Total Solar Eclipse to Shadow Parts of Missouri

For nearly 13 minutes on Mon., Aug. 21, 2017, Missourians in a 70-mile swath stretching catty-corner from St. Joseph in the Northeast to Cape Girardeau in the Southeast will witness the totality of the moon obscuring the sun, otherwise referred to as a total solar eclipse. Totality will last anywhere from a few seconds to 2:39 depending upon a viewer’s specific location. During that time, darkness will fall, temperatures may drop 10-15 degrees, breezes may vanish, insects will come out, stars and planets will be visible, and if one lives on a farm, the animals may head toward the barn.

When looking at the sun, safety is important.  Here’s a list of eye safety suggestions from the American Astronomical Society for viewing a solar eclipse.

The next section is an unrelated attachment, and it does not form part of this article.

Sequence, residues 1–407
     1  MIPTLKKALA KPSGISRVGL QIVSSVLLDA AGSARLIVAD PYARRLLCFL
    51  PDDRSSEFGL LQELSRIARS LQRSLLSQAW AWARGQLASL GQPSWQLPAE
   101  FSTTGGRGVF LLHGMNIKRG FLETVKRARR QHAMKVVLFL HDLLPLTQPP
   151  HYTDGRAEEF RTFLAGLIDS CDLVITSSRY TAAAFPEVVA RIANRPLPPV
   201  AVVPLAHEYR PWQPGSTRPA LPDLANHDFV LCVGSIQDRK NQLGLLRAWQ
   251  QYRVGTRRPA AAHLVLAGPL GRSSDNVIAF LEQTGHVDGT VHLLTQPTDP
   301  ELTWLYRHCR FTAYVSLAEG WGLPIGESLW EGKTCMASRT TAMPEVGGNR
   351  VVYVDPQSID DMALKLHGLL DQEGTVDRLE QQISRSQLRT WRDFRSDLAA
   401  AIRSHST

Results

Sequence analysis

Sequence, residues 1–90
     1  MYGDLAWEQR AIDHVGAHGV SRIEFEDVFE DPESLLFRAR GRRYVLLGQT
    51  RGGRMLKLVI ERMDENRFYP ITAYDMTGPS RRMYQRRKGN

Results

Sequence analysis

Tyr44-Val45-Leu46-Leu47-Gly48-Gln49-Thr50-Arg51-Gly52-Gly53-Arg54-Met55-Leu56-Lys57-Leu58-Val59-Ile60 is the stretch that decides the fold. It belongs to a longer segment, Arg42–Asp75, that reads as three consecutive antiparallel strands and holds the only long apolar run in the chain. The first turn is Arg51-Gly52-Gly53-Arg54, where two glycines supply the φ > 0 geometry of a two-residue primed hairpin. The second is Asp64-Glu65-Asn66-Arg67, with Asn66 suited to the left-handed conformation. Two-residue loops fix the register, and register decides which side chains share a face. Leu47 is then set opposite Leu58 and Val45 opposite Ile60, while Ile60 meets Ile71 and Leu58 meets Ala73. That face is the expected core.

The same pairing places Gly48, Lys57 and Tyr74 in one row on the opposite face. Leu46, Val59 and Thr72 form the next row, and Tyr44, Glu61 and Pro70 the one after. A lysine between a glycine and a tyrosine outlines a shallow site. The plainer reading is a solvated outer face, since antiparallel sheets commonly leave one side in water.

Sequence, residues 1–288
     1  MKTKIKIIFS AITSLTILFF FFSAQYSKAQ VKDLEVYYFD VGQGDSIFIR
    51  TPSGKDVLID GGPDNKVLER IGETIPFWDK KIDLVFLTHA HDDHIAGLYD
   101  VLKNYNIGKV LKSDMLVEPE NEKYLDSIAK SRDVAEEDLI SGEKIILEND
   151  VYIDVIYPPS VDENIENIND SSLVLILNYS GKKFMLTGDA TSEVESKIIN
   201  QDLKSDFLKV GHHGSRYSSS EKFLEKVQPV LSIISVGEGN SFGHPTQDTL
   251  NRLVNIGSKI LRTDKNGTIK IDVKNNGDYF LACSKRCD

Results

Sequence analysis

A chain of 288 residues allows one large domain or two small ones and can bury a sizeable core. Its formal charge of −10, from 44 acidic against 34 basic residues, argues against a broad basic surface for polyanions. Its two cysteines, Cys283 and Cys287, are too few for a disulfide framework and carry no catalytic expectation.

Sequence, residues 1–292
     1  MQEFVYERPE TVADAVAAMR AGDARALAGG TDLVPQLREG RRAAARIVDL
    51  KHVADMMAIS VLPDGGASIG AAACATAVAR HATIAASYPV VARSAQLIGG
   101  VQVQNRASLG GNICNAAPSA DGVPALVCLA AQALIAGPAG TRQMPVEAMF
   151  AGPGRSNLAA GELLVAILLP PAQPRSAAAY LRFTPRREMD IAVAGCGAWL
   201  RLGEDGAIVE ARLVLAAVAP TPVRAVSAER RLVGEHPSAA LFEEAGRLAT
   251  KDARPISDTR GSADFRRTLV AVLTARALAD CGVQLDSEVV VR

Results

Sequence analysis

This will be the first total solar eclipse to touch the United State since 1991 when one occurred in Hawaii, and the first coast-to-coast across the southern U.S. since 1918. The last time a total solar eclipse occurred in the greater St. Louis area was 1442. St. Louisans can expect the next one in 2505.

Eclipse-chasers from around the world are expected to converge in St. Louis and the areas beyond as about half of both Kansas City and St. Louis lie within the patch of totality. Consider that more than 43 million people live in large metro areas outside of the totality path where St. Louis is the closest large city, making St. Louis a main destination. Hotel rooms will be at a premium during the period and travelers are encouraged to book their accommodations and travel plans in advance to ensure the best possible experience.

Viewers in St. Louis are recommended to head to parks south and southwest of the city. One notable fact is that Jefferson City is one of only four U.S. state capitals located in the totality path. The others include Salem, Oregon; Nashville, Tennessee; and Columbia, South Carolina.